There are two types of people in the world – the ones who are superbly comfortable being on stage and the others who are not. Whatever said and done, going up on stage takes a lot of courage. Whether it is to sing or act or dance or speak, the adrenalin that rushes through your veins can be one of two kinds – exhilarating or terrifying. For some, the adrenalin is the simplest way to get a high, performing is something that gives them that high. But whether you’re afraid of the stage or not, the adrenalin rush ends up being the same for everyone. Even the most terrifying experience of being up on stage, eventually turns into a story worth telling to all of your friends, family and loved ones. Being on stage is something that everyone enjoys, even if the pre-performance nerves makes them physically sick!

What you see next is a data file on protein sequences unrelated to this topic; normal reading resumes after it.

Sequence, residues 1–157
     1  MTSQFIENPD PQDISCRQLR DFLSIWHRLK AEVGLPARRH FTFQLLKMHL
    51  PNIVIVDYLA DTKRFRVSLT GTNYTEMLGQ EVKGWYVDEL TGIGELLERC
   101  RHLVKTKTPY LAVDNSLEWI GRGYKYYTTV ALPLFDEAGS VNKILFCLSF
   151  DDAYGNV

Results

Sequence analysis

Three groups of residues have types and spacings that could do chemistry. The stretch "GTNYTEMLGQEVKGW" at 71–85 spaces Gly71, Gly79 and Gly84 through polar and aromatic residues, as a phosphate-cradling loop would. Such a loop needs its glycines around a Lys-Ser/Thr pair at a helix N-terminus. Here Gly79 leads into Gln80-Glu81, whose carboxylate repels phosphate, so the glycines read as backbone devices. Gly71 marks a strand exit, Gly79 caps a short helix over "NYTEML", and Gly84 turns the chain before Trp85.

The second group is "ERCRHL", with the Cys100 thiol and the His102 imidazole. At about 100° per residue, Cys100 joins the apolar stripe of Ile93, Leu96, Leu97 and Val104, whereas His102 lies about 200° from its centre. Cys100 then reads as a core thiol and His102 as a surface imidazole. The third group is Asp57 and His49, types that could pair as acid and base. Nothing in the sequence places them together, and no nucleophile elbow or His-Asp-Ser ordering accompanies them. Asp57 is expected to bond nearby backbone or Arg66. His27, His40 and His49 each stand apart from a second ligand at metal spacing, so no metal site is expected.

Friday, October 22, 2010

At the end of the day

It’s been a long day. It’s gone by mostly at work/college; some of it spent cribbing about being broke and some of it spent bickering with a close one. You get home tired, cranky and grouchy.

Ever have days that end like this? Reaching home just fed up with everything and everyone. We all have, at some point or the other. What is the remedy for such a mood? Is it a good, long bath? Is it a warm meal? Or is it a good night’s sleep? Well, it’s different things for different people. For some, it’s all about the perspective. A simple thing like looking up at the sky and taking in the sound of silence the night presents, the black velvet of the sky, the big balls of gas stuck so strategically in place they appear to form shapes, and that big sometimes-round thing that, when looked at, seems to make all bad things disappear.